The 24-hour time frame gives an easy structure to the story of Lisa (Yukiko Okamoto), who has saved up enough money to move to New York. Taking time off to shoot a micro-budgeted music video, she discovers it's actually a big scam to rip off her savings. Able to save her passport and ticket, she doesn't have any cash to support herself in America. Enter two Bounce Ko Gals, Jonko (Hitomi Sato) and Raku (Yasue Sato), to spend the evening with her on the streets finding men who will pay large sums just to be seen with hot teenage girls.
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Perhaps the title "Dances with Samurai" was already taken when "Gladiator" screenwriter John Logan began work on this grandiose Oscar-baiting epic about a drunk, disillusioned Civil War veteran who is sent to Japan to help Westernize its military, but instead comes to embrace the honor and discipline of the ill-fated warrior class he's meant to defeat.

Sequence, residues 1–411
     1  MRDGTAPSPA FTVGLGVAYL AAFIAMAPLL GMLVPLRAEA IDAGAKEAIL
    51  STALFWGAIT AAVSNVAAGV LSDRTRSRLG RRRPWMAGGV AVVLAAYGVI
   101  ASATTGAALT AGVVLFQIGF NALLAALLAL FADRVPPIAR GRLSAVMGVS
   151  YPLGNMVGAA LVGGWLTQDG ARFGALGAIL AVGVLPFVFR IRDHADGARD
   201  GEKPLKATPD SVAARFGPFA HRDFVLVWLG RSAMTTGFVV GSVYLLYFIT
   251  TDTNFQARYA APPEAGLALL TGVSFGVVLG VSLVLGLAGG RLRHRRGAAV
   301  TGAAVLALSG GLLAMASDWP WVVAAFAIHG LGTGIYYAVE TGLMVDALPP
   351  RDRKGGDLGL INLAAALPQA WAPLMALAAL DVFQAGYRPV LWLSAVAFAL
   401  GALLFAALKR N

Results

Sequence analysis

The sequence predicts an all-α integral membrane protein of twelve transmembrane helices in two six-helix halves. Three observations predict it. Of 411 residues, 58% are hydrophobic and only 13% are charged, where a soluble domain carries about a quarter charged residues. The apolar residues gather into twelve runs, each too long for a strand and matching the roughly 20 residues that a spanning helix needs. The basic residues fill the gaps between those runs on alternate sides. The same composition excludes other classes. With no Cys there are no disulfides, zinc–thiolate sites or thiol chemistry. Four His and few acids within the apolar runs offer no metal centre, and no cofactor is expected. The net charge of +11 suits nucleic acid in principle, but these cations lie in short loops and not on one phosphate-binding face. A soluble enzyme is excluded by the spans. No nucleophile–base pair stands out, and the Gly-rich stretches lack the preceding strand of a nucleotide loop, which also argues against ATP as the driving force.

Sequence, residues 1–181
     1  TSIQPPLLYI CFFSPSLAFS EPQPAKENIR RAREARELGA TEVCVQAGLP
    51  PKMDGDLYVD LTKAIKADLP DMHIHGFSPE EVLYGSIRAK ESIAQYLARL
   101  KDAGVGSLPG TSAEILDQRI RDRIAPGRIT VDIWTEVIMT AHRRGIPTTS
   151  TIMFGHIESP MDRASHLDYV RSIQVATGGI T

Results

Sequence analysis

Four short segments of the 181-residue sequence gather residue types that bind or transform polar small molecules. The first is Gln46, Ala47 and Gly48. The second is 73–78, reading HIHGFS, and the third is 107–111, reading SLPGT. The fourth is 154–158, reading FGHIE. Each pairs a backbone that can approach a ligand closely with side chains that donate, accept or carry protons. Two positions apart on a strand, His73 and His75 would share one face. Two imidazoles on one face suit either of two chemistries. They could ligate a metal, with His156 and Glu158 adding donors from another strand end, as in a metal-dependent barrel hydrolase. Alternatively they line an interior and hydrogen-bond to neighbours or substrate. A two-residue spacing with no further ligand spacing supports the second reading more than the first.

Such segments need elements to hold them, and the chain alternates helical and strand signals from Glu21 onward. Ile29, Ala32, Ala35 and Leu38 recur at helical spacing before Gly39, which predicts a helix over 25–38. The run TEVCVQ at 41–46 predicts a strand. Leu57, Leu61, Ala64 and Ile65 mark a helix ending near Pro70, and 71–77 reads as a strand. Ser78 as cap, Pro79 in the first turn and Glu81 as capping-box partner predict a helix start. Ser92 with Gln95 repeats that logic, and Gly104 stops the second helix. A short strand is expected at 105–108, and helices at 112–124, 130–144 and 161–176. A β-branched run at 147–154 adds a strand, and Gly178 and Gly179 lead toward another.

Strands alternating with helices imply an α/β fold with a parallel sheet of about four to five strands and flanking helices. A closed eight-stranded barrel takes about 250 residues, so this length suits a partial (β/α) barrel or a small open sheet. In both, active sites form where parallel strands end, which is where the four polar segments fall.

"The Last Samurai" does bear an undeniable structural and emotional resemblance to Kevin Costner's 1990 American frontier drama, also about a 19th-century soldier who casts off his imperialist ways to be absorbed into a native culture. But in this film the white man is played by Uber Movie Star Tom Cruise with a melodramatic steamer-trunk's worth of emotional baggage -- two factors that tend to draw focus away from the fact that a culture is being obliterated and toward the interloper's personal journey through self-loathing to redemption and heroism.
With his feathered, over-conditioned hair and blinding white teeth, Cruise is inescapably incongruous with 1870s Japan, but he does turn in an otherwise strong performance as army captain Nathan Algren, a man haunted by memories and beset by the remorse for his part in the Indian Campaigns that wiped out thousands of Native Americans in the name of Manifest Destiny.
Continue reading: The Last Samurai Review
Corgan took to Instagram to confirm rumours of new Pumpkins material, saying the first songs could arrive as early as May.